‘Breaking The Chains Outreach Ministry’ In Boca Courts Pearl City Kids For Basketball, Cheerleading


By: Dale King Contributing Writer

The Pearl City neighborhood and its environs in Boca Raton have racked up lots of firsts in just over a century of existence.

It was Boca’s first platted district, laid out in 1915, 10 years before Boca Raton became a city. It was the first region settled by migrant workers who toiled in the fields during Boca’s agrarian past. It’s home to three of the city’s oldest houses of worship, including the oldest, Macedonia AME Church, which marks its 100th anniversary later this month.

So why shouldn’t this small, but significant area also establish the first Pearl City basketball team? Just leave it to Charles Cocklin, a minister of Macedonia Church and founder and CEO of the Breaking the Chains Outreach Ministry. Through his faith and hard work, he brought together 31 youngsters age 7 to 17 who’ve been hitting the hardwood every summer Sunday evening through July, taking on hoop teams like the Deerfield Condors and other squads.

The Pearl City team just completed its summer season with an awards ceremony July 30 at the city’s Recreation Center. “We distributed honors for Most Valuable Player, Best Leader, Most Improved Player and Most Spirited Player.”

Cocklin has gotten lots of help setting up and running the games. Students from the Florida Atlantic University chapter of Progressive Black Men, members of the National Council of Negro Women and Sisters Inc., among other volunteers, pitched in.

The busy man of faith had already created the Macedonia chapter of Breaking the Chains Outreach Ministry. “The sole purpose is to create a better way of life for all by empowering youth, strengthening families and building stronger communities.”

“Our heart is for at-risk children, the elderly, the homeless and the needy,” he noted. “By catering to their needs and introducing programs dedicated to specific problems, we believe we can make a difference in their lives.”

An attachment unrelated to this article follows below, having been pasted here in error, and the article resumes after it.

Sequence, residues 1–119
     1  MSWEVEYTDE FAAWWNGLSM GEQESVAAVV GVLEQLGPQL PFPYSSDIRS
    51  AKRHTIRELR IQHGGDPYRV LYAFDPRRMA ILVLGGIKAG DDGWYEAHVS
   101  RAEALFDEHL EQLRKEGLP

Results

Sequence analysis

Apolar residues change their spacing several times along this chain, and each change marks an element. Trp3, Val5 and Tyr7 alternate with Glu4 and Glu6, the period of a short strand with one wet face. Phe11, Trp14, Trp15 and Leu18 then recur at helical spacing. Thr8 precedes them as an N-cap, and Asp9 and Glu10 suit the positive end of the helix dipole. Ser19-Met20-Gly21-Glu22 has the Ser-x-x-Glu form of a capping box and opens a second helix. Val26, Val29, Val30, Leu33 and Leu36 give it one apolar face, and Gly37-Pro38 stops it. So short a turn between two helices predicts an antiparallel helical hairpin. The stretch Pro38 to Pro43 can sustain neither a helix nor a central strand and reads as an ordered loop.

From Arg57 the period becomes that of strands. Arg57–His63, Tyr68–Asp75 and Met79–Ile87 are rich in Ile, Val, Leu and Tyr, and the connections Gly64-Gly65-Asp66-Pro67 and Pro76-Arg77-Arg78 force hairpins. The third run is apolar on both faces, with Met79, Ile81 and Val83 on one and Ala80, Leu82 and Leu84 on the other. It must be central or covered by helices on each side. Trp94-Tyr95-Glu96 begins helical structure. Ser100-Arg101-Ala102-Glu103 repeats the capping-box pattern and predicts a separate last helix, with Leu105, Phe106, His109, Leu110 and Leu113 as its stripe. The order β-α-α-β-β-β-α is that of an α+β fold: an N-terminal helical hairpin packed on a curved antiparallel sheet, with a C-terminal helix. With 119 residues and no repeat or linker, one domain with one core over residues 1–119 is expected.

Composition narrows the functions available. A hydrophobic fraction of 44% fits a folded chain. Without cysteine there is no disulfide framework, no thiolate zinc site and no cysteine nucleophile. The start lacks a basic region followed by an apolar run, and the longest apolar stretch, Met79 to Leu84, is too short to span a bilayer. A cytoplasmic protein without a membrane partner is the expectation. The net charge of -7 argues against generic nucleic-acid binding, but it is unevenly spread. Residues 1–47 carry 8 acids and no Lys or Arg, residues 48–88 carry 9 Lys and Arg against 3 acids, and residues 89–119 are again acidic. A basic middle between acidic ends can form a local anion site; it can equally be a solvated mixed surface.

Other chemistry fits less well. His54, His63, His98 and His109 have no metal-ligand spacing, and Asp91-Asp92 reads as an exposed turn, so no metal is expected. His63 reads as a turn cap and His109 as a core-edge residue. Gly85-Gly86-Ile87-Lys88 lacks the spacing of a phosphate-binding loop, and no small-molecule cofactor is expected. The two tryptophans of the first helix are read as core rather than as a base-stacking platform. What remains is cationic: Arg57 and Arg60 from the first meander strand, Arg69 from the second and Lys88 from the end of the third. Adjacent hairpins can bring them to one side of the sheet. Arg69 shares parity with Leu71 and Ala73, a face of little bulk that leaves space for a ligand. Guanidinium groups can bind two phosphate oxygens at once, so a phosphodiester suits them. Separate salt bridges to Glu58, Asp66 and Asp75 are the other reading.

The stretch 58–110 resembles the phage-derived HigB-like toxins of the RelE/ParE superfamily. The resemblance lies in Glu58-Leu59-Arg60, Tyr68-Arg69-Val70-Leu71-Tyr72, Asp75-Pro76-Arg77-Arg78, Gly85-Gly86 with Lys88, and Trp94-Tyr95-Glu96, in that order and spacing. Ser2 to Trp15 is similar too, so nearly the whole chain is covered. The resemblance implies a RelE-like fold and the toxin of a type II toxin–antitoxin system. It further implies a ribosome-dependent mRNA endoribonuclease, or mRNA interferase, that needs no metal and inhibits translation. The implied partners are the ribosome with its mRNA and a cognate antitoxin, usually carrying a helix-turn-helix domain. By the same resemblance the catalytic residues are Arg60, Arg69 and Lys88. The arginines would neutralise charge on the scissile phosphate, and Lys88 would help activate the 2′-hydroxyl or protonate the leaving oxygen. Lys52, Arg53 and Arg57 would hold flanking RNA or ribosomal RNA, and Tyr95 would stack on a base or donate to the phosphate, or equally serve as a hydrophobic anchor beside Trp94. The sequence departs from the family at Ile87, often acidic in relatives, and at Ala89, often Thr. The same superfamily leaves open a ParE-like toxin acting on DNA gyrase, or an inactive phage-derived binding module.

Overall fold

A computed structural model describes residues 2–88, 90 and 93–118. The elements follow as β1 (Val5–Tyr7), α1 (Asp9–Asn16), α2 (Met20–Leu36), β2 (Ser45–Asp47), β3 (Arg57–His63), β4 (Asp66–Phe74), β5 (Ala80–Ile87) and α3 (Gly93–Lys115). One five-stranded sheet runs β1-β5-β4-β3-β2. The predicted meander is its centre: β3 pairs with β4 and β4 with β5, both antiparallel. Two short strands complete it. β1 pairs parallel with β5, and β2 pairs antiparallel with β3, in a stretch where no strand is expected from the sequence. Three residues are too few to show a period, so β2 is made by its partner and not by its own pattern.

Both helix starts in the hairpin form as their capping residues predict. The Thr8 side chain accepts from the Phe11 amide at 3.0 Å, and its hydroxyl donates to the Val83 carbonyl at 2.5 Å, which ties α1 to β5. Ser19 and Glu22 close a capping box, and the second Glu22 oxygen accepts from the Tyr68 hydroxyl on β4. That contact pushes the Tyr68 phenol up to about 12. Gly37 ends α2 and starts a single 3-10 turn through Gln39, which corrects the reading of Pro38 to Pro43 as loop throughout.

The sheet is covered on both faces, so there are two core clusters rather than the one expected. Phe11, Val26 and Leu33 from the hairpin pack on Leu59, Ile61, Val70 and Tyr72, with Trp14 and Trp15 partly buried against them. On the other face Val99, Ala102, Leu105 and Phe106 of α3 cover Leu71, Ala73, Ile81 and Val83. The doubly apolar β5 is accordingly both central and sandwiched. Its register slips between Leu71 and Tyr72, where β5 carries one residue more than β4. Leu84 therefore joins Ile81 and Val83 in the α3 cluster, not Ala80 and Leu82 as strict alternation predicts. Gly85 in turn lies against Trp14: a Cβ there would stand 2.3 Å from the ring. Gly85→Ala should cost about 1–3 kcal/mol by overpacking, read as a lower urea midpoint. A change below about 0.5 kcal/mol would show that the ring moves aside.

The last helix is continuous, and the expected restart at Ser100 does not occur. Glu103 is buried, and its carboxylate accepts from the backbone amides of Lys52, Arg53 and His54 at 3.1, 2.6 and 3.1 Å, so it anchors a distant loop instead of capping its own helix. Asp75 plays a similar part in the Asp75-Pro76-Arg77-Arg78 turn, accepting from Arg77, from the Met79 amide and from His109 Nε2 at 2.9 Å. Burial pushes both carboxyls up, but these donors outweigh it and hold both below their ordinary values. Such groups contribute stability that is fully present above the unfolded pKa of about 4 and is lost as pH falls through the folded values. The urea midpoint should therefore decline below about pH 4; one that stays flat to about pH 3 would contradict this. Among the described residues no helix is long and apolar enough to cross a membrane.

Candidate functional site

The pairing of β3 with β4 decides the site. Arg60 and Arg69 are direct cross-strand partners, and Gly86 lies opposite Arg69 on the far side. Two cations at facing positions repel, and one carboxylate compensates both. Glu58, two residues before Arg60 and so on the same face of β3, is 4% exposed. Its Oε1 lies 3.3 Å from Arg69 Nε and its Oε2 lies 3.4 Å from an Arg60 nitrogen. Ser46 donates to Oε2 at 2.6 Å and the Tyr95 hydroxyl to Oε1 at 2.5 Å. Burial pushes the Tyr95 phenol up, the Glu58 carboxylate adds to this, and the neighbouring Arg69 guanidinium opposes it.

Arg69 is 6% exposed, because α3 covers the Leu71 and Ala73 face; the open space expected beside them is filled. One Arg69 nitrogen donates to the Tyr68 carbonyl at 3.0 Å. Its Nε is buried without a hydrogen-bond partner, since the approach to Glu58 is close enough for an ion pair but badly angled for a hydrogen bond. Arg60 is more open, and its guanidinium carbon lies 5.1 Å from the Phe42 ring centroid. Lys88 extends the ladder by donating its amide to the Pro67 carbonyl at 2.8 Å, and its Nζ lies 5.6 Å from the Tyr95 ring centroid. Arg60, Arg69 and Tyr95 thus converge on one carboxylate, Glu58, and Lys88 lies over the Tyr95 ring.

Cocklin’s wife, Kellye, and daughter, Rahkell, both serve as directors of the Outreach Ministry.

The Pearl City basketball team has been playing its games this summer in the “Gathering Place” at First United Methodist Church on NE Mizner Boulevard. The chamber is mainly a gymnasium, with a scoreboard, buzzer and public address system. One of the FAU students broadcasts the play-by-play for the crowd.

Emilda Desir learned about the basketball team through social media and saw that it lacked something important – a cheerleading squad. So, she set one up.

“I have been a cheerleader for little league and in recreation leagues since I was 6,” she said while watching her squadron carrying out spirited moves and offering vigorous cheers. At half-time, the young ladies showed their abilities with a series of enthusiastic moves at center court.

Emilda said she was directed to see Charles about putting together a cheering squad. “I told him I would take care of it. I wanted to work with the kids.”  The cheering coach is a senior at FAU and is also marketing director for the National Council of Negro Women. She plans to pursue a career as a pediatrician.

Coach Austin Harris, a member of the Progressive Black Men at FAU, has been working with the Pearl City kids a little over a year. He said he sees basketball as a “way to keep youngsters out of trouble, and to teach life lessons. Some of these children are here because they don’t have a positive male role model.”

They find guidance in the coaches, staff and other volunteers.

Harris said the players get a lot of encouragement from their elders. “You have to put your best face forward. We keep them encouraged. We tell them never to put your head down and never quit.”

Sitting courtside on a recent Sunday night was Howard Frieberg, one of the first donors to the team. He said he was standing near Cocklin at Office Depot one day and overheard the story about how the team came together. He didn’t know Charles at the time, but soon located him and signed on to assist.
“Charles has been giving his time to help kids of the inner city,” said Frieberg. “They get a direction in life. It could either be this or the streets.”

Frieberg knows something about close-knit communities, having managed apartments in New York.  He now lives in Boca, but has a rental unit in New Jersey.

When asked who’s in charge of the Pearl City league, everyone points to Charles Cocklin. In turn, he credits God for getting the job done. With his usual touch of humility, he points out: “There is no community without unity.”